SpaceX President and COO Gwynne Shotwell wants what SpaceX is doing to “revive the industry” while making “young children think about being in the space industry again.”
Kimberly White | Vanity Fair | Getty Images
SpaceX President Gwynne Shotwell does not think the company will add a “differentiated pricing”
“I do not think we need to make differentiated pricing for consumers. We will try to keep it as simple and transparent as possible, so right now there are no plans to differentiate consumers,” said Shotwell, who spoke on Satellite 2021 “LEO Digital Forum” on a virtual panel on Tuesday.
In a differentiated pricing system, what the customer pays is based on the level of service he or she chooses.
Starlink is the company’s capital – intensive project to build an interconnected internet network with thousands of satellites, known in the space industry as a constellation, designed to provide high – speed internet to consumers across the planet.
A Starlink user terminal installed on the roof of a building in Canada.
The company has launched more than 1,200 satellites so far in orbit.
In October, SpaceX began rolling out the early Starlink service in a public beta, now expanding to customers in the US, Canada, the UK, Germany and New Zealand – with a service costing $ 99 a month in the US, in addition to an upfront cost for the equipment needed to connect to the satellites.
Elon Musk’s company has continued to expand Starlink’s service, with the public beta gaining more than 10,000 users in the first three months. Shotwell noted that SpaceX does not “have a time frame to get out of the beta phase” and said the company still has “a lot of work to do to make the network reliable.”
Musk’s company plans to expand Starlink beyond homes and is asking the FCC to expand its connectivity to “moving vehicles” so the service can be used with everything from planes to ships to large trucks.
So far, SpaceX has focused on serving customers in rural and hard-to-reach areas, with Shotwell saying Starlink “will be able to serve any household in the country in the United States” or “about 60 million people.” While SpaceX is adding service to other countries, Shotwell said that SpaceX is originally focused on the US “because they speak English and they are close and if they have a problem with their bowl, we can get one sent out quickly.”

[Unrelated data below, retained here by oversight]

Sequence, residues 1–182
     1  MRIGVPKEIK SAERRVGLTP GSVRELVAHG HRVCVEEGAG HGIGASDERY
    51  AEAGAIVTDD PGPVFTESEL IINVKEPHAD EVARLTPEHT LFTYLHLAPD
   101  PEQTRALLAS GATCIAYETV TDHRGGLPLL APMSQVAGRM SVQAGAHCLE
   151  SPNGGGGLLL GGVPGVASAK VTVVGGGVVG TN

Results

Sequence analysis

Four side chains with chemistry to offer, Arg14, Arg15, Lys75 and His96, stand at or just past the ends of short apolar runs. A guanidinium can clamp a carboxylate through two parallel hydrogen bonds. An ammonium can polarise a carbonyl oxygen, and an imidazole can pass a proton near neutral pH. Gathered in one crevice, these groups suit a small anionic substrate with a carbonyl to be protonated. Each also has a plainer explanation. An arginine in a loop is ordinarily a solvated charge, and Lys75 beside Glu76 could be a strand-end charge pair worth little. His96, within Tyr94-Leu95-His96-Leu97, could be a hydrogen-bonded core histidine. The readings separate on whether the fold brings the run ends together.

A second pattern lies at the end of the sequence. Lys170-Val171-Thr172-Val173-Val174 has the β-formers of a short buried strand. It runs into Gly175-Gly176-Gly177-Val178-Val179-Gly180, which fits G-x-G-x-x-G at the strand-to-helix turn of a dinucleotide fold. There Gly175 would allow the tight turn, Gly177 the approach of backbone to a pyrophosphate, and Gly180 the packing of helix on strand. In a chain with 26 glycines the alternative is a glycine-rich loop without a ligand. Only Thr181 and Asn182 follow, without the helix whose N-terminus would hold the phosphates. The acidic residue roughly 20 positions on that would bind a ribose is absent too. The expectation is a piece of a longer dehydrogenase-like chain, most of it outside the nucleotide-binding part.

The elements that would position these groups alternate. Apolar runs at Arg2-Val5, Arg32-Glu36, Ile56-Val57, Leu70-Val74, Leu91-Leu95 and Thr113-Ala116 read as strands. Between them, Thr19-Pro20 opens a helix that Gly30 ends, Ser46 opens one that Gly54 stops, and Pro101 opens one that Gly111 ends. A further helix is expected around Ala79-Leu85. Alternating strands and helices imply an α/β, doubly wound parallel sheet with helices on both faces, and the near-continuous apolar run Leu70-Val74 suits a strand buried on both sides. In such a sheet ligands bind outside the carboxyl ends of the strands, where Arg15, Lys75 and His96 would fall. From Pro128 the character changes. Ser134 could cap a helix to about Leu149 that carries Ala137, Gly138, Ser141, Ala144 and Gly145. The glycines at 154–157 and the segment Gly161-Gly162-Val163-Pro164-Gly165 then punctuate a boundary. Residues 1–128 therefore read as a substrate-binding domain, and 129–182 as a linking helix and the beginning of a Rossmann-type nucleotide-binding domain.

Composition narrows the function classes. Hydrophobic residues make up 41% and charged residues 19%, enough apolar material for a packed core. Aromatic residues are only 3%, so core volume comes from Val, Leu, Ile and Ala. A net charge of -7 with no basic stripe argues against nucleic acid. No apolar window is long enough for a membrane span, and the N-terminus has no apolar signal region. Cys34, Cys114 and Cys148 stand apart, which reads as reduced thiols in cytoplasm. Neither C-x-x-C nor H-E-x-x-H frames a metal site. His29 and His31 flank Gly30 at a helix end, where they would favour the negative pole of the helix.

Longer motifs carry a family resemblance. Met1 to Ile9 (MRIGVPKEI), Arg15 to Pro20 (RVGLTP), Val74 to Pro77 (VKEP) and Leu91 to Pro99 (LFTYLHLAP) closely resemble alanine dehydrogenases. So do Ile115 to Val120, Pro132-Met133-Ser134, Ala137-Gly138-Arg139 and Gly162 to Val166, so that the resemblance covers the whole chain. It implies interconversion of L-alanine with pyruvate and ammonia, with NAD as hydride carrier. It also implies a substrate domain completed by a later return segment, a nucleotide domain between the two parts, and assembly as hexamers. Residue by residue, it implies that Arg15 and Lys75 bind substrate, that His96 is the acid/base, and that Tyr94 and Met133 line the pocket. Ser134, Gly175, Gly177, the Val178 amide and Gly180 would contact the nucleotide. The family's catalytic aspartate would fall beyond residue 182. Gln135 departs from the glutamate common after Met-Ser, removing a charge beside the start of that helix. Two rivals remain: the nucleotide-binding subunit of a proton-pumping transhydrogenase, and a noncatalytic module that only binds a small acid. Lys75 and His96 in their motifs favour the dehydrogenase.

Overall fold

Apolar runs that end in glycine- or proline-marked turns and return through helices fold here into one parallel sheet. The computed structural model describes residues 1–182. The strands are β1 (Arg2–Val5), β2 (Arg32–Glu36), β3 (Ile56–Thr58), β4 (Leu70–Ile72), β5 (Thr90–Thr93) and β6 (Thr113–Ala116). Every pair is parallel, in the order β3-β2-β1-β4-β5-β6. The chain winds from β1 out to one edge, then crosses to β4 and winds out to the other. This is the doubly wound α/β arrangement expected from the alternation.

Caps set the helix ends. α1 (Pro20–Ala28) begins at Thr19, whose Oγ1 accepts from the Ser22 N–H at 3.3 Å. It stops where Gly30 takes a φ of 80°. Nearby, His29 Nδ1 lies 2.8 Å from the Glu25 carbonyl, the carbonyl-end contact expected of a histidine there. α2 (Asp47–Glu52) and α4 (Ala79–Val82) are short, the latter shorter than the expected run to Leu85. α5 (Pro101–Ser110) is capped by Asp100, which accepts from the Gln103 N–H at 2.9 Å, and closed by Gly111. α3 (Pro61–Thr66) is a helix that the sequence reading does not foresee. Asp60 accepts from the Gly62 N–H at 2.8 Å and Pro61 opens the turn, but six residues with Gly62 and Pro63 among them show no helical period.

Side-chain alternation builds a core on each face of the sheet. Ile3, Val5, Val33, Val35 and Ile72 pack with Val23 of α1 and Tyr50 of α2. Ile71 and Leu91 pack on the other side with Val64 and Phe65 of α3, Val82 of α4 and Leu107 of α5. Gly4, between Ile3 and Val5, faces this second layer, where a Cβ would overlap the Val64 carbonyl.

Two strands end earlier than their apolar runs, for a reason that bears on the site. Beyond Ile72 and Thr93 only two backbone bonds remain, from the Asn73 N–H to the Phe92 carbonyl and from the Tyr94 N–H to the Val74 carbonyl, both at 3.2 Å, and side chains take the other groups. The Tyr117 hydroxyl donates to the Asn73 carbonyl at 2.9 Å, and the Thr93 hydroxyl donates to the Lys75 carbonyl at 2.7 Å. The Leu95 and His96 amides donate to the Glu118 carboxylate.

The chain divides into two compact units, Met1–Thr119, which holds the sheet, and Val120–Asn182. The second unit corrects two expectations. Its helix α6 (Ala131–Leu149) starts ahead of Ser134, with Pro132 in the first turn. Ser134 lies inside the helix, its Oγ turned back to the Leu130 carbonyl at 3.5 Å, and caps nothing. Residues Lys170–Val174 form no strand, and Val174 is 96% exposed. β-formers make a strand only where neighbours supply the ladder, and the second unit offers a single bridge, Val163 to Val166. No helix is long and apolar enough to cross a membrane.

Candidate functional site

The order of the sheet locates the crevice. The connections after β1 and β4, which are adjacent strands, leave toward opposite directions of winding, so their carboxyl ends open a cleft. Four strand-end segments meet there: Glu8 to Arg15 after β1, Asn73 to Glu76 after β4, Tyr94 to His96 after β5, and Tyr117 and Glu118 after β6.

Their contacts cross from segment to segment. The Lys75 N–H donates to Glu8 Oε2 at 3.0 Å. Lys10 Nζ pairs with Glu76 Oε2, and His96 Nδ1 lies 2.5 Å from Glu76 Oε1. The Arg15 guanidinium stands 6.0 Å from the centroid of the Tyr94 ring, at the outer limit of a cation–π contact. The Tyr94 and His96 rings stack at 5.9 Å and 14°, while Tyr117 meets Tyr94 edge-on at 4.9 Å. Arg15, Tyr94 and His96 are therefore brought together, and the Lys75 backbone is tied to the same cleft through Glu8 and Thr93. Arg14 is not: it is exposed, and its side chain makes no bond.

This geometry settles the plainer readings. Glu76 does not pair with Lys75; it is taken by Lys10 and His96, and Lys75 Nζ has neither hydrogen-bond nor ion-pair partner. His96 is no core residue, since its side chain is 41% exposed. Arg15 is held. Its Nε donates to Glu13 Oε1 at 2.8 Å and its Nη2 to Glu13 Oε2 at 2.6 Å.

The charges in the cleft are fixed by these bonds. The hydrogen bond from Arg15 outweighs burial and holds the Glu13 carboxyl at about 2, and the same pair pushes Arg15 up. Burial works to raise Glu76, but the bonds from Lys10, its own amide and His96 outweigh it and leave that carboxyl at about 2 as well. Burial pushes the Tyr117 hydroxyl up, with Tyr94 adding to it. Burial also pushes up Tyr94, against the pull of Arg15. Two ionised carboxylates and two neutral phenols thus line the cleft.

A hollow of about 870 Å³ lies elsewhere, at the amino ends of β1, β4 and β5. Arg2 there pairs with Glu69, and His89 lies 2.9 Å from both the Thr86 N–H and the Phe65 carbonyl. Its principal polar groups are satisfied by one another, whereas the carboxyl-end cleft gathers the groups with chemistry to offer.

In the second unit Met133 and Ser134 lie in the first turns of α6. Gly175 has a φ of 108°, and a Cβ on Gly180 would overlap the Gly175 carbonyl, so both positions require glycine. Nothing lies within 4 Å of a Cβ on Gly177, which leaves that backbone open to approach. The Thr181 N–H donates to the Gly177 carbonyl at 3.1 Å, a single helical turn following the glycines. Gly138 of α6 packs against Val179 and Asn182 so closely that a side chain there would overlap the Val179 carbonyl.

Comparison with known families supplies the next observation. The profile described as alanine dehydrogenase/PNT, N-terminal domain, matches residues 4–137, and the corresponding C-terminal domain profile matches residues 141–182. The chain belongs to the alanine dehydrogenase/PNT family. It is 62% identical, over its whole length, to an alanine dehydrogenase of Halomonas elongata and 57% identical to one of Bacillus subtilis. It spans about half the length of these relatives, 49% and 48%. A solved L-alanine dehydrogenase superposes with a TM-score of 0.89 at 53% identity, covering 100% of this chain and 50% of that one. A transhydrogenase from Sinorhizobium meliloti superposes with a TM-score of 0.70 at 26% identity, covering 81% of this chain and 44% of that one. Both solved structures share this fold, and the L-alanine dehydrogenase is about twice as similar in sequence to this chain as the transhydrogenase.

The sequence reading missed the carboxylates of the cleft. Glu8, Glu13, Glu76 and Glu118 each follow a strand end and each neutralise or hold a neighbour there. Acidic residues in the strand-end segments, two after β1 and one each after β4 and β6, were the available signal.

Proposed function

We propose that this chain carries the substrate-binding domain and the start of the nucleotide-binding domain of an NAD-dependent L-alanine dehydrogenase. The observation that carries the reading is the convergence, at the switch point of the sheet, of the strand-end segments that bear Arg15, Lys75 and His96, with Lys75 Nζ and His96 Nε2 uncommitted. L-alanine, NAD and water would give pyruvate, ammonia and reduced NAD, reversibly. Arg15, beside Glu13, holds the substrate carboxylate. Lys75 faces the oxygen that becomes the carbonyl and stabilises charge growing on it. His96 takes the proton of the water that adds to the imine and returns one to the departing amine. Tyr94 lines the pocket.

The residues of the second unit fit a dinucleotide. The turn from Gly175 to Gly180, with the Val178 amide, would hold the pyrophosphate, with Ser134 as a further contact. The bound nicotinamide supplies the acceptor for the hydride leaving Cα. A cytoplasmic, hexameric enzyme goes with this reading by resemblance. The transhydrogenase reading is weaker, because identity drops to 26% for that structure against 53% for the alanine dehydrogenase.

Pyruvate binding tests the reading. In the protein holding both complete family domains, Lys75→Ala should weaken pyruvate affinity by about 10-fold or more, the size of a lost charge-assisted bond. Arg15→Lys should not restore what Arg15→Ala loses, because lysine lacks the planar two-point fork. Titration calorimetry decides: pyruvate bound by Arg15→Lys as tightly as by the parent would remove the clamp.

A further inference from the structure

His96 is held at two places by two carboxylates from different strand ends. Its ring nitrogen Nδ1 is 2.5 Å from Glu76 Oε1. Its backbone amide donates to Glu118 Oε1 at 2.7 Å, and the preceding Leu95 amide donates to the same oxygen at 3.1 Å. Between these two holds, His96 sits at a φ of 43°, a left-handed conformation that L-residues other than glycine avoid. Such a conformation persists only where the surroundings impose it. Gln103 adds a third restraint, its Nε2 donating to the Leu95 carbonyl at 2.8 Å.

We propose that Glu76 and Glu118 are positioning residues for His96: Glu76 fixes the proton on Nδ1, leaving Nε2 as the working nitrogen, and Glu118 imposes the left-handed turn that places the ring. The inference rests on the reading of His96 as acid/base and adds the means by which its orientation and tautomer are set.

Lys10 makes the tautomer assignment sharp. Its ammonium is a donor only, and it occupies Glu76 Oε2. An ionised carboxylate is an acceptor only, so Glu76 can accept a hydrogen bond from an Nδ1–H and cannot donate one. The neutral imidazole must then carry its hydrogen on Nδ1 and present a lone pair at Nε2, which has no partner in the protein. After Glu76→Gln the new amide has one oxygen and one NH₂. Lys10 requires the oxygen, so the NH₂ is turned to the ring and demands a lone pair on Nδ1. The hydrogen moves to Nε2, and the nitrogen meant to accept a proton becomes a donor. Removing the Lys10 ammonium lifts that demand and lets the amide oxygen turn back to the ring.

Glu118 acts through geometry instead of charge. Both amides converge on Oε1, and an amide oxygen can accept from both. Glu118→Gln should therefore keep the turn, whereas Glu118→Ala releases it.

“But we will certainly expand this capacity beyond the United States and Canada,” Shotwell added.
SpaceX absorbs most of the cost of Starlink equipment
Boxes with Starlink kits with user terminals and Wi-Fi routers.
A major obstacle for Starlink as well as any satellite broadband service is the cost of the user terminals: the on-site equipment that connects customers to the network.
Shotwell said SpaceX has “made great strides in reducing costs” for the Starlink user terminal, which was originally around $ 3,000 each. She said the terminals now cost less than $ 1,500 and that SpaceX “has just rolled out a new version that saves about $ 200 in price.”
This means that SpaceX absorbs about two-thirds of the terminal’s costs, as the company charges beta customers $ 499 in advance for a user terminal. Musk said earlier this year that Starlink “will have to go through a deep gulf of negative cash flow,” a significant portion of which is expected to be due to the cost of user terminals.
While SpaceX has so far not charged the full cost of the terminals, Shotwell said the company expects its cost to drop to “a few hundred dollars interval within the next year or two.”
Starlink ‘complementary’ to existing broadband service
60 Starlink satellites are put into orbit after the company’s 17th mission.
Shotwell reiterated previous comments from SpaceX management that Starlink does not want to replace the service from “giant providers AT&T, Comcast, etc.”, noting that its satellite Internet is “very free of charge for the services they provide.”
“The Starlink system is best suited for heavily distributed rural or semi-rural areas,” Shotwell said.
Meanwhile, Shotwell said SpaceX’s challenge is to learn to scale for consumer customers while “making sure we can build a reliable network.” But, she added, none of these are challenges “that we cannot solve.”